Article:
NEWSROOM

‘A sobering milestone’: 1 million South Sudanese refugees cross into Uganda


One million refugees have now been registered to have fled South Sudan into Uganda.

According to the UN Refugee Agency, over the past 12 months, an average of 1,800 South Sudanes have arrived in Uganda each day.

Philippe Guiton, humanitarian and operations director for CARE International

“One million South Sudanese refugees is a tragic and utterly sad record. The small country of Uganda is shouldering the largest refugee crisis in Africa, keeping the borders open for those fleeing brutal violence and hunger in South Sudan.

“Refugees arriving in Uganda are in dire conditions, many have walked for days through the bush with little food and water. Women and girls have been abused, beaten and raped on their journey. We call on all parties to the South Sudan conflict to stop the violence against civilians and we urge international donors to step up their commitments and help Uganda with much needed financial support. This refugee crisis is one of the most under-funded in the world and the tragedies of one million refugees in Uganda are largely ignored by world leaders.”

Fred McCray, country director for CARE South Sudan

“Today, we recognize a sobering milestone, the millionth refugee crossed from South Sudan into Uganda. We must take today to reflect, and recommit to serving the most vulnerable as they flee extreme violence and hunger – 86% of those arriving in Uganda are women and children, many have survived sexual violence during the conflict in South Sudan, and many others report experiencing sexual violence along their route, and during displacement in Uganda.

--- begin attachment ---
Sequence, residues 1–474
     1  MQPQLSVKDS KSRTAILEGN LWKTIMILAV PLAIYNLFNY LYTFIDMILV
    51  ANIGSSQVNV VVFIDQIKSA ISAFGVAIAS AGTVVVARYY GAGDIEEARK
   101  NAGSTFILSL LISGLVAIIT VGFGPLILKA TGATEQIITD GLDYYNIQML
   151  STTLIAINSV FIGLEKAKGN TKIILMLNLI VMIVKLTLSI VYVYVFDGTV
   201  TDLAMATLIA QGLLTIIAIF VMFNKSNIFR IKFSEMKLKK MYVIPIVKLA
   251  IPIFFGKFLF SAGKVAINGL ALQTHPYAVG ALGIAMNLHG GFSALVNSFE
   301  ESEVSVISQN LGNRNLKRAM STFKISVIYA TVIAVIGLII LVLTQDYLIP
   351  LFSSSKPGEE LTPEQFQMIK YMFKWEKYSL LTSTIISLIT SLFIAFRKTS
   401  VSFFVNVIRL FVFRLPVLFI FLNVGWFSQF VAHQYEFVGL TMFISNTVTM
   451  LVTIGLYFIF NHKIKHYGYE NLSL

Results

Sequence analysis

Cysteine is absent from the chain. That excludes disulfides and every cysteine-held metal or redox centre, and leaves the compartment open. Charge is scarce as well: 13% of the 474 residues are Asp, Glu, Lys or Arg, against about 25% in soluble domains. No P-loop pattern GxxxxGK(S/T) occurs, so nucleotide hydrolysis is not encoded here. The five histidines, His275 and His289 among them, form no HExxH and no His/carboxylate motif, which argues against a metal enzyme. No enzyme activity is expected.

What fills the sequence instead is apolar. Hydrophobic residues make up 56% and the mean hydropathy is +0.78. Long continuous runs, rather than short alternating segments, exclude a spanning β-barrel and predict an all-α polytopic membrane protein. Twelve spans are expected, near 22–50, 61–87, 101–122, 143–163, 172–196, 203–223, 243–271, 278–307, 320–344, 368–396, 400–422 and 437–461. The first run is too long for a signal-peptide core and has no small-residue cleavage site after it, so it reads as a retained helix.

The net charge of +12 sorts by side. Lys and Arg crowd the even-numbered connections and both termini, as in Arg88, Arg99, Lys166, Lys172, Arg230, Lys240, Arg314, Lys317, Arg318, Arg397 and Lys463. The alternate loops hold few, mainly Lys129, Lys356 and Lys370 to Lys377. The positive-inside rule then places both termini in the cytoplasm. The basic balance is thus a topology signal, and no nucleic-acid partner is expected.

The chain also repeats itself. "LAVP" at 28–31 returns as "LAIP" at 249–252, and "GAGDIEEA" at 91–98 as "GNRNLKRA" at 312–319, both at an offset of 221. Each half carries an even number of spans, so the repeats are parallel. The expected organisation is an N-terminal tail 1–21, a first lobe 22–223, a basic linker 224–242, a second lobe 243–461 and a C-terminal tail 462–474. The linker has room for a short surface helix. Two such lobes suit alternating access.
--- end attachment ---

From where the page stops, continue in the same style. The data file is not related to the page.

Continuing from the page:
We must commend Uganda for continuing to keep their borders open, allowing South Sudanese to find safety where they can reach life-saving humanitarian assistance, and generously granting access to land so that refugee communities can move towards self-sufficiency. Uganda cannot continue to host this population without greater support and assistance from the international community.

Only a diplomatic settlement to the conflict in South Sudan can stem the deterioration of the humanitarian, economic, and security situation in the region. We call on all parties to the South Sudan conflict to stop the violence against civilians and we urge international donors to step up their commitments and support the Uganda refugee response.”

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To arrange an interview, contact:

Darcy Knoll
Communications Specialist | CARE Canada
darcy.knoll@care.ca | 613-228-5641


Millions of people are at risk in Somalia, Nigeria, South Sudan and Yemen and tens of thousands more are affected in Cameroon, Chad, Niger, Ethiopia, Kenya and Uganda. Donate now to support CARE’s emergency efforts: care.ca/stopfamine